A binocular reading head containing two digital cameras can be used in an exemplary embodiment. The digital cameras are oriented in such a way as to frame both lanes around the patrol car, on the left and right side of the driving direction. This reading head can be installed very easily on top of a mobile surveillance vehicle, either in a fixed or in a removable configuration. For example, the camera can be fixed on the existing light bar 65 of a patrol car 64, or can be added to the roof through a magnetic support. Monocular split sensors also can be installed on the roof of the car and oriented in such a way as to frame both lanes on the side of the car. It is also possible to orient the sensor in the front or rear directions according to the different application requirements. The covert LPR can be installed in a luggage carrier 61 on a mobile surveillance vehicle 60, which can be a car or a sports utility vehicle. Exemplary luggage carriers that can be used include those manufactured by Thule, Inc. or Yakima. The covert LPR can be installed inside a “taxi” sign 63 on a mobile surveillance vehicle 62.
A miniaturized digital camera is combined with a pulsed infrared LED illuminator that is synchronized with the camera aperture. There are alternatives that may be used for the LED illuminator. One alternative is to use a visible near-infrared LED light source. Using a short wavelength pulse, the illumination source appears as a flashing red light. A second alternative is a non-visible infrared LED light. In this case, a longer wavelength pulse is used and is effective when there is sufficient contrast between the plate characters and the plate background (typically with dark characters on a white or clear background).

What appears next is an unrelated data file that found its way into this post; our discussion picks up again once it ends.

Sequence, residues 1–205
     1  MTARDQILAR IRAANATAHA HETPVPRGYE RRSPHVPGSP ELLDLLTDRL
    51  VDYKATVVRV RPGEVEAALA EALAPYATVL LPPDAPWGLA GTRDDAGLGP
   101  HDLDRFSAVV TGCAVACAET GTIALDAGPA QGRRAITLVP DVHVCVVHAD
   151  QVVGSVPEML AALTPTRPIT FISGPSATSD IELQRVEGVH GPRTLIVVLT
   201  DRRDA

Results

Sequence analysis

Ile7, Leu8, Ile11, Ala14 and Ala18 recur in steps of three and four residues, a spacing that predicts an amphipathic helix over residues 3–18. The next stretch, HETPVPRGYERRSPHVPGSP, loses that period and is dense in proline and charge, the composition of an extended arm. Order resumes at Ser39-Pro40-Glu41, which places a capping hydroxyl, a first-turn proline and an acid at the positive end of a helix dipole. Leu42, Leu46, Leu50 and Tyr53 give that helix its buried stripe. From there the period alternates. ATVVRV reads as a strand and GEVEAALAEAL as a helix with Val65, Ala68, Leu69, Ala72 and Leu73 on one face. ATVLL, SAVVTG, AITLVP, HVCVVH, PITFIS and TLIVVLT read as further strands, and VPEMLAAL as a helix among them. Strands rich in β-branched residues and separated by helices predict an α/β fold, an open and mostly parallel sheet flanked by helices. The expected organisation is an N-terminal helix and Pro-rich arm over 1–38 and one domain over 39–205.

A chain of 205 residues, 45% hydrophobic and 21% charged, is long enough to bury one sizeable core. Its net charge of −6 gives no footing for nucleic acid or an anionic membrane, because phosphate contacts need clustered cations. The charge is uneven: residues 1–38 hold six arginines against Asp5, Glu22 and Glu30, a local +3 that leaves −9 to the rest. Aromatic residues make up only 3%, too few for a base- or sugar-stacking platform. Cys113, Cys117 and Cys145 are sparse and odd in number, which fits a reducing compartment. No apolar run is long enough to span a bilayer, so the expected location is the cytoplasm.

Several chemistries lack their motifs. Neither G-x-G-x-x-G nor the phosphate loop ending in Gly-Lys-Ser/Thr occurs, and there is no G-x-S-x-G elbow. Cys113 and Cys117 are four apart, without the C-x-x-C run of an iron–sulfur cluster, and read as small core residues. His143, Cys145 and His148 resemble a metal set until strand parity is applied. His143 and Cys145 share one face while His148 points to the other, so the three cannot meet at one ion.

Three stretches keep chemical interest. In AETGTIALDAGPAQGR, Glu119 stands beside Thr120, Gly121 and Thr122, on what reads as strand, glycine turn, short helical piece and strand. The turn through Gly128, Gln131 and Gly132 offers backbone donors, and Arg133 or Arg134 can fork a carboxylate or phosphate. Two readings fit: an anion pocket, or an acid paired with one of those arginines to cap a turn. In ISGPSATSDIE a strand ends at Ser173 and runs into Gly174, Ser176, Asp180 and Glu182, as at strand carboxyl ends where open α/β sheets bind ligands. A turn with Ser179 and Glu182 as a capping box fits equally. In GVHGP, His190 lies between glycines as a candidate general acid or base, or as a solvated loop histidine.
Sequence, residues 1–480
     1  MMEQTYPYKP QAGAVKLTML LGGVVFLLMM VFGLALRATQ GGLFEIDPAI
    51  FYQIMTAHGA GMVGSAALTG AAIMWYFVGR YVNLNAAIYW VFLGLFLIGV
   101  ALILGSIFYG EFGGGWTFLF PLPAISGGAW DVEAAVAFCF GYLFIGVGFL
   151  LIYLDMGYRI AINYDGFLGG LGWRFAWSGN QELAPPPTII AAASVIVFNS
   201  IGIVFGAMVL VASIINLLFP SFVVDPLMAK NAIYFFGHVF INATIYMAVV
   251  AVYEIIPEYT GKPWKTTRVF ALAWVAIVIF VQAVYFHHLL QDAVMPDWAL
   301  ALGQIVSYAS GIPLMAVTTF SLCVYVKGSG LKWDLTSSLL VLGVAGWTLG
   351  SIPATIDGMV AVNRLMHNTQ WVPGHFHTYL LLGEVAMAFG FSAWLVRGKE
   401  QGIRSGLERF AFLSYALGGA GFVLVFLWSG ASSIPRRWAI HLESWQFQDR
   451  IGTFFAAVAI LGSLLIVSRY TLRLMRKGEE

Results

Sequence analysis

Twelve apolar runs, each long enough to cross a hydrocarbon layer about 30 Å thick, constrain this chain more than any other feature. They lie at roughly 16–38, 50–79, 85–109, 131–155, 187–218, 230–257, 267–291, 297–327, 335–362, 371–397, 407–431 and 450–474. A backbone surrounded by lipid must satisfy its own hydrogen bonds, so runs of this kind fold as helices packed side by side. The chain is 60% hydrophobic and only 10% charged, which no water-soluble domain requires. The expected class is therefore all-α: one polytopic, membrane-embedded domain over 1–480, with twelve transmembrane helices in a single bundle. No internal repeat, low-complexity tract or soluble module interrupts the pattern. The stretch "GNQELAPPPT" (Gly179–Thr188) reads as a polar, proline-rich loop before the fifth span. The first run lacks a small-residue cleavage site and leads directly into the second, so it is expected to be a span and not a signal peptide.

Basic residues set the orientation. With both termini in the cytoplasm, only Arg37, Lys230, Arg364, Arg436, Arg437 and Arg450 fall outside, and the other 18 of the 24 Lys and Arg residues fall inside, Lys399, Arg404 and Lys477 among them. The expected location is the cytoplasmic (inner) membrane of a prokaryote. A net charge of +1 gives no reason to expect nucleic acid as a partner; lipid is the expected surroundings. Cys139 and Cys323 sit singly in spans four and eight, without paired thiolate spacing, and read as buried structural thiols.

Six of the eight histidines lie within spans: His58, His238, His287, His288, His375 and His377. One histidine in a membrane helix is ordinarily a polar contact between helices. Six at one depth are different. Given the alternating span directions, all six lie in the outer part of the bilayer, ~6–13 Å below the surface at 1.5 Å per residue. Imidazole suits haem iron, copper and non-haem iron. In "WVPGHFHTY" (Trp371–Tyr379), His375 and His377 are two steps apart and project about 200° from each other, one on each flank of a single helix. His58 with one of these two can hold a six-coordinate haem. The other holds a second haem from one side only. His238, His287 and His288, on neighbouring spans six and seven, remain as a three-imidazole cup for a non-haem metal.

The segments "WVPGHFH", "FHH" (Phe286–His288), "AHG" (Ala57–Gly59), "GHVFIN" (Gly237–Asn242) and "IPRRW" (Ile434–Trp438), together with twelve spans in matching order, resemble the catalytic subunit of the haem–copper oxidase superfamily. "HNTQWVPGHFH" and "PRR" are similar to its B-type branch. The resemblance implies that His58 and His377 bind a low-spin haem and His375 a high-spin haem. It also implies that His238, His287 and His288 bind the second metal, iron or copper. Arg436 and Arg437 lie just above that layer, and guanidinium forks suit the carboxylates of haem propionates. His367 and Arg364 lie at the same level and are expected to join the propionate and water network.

The onboard processing system is implemented to read the maximum possible number of car plates on the road during patrol, both parked and in motion, and to check them immediately against a target list database that is installed onboard the vehicle and generates an alarm message as soon as a plate-string has been found in the same target list. When an alarm message is generated, a transit image and a zoom of the plate can be displayed to the patrol officer.
The human computer interface installed on the onboard PC provides target list operations, alarm operations, and data collection. The target list operations that can be performed by the officer during the patrol can include inserting a temporary license plate number in the target list, deleting a temporary license plate number in the target list, and searching for a license plate number in the target list. If a license plate number read by the LPR is present in the target list, it is stored as an alarm and the following information can be displayed in the patrol vehicle: gray scale image; license plate number; time and date of capture; a note explaining the reason for the presence of the license plate in the target list; and a camera identifier. An audible alarm is generated by the onboard PC to alert the officer of an alarm. The LPR continuously reads the license plate numbers of all the vehicles present in the field of view of the two onboard cameras. All transits read during a patrol are stored in the onboard PC and downloaded to the operations center station at the end of the patrol.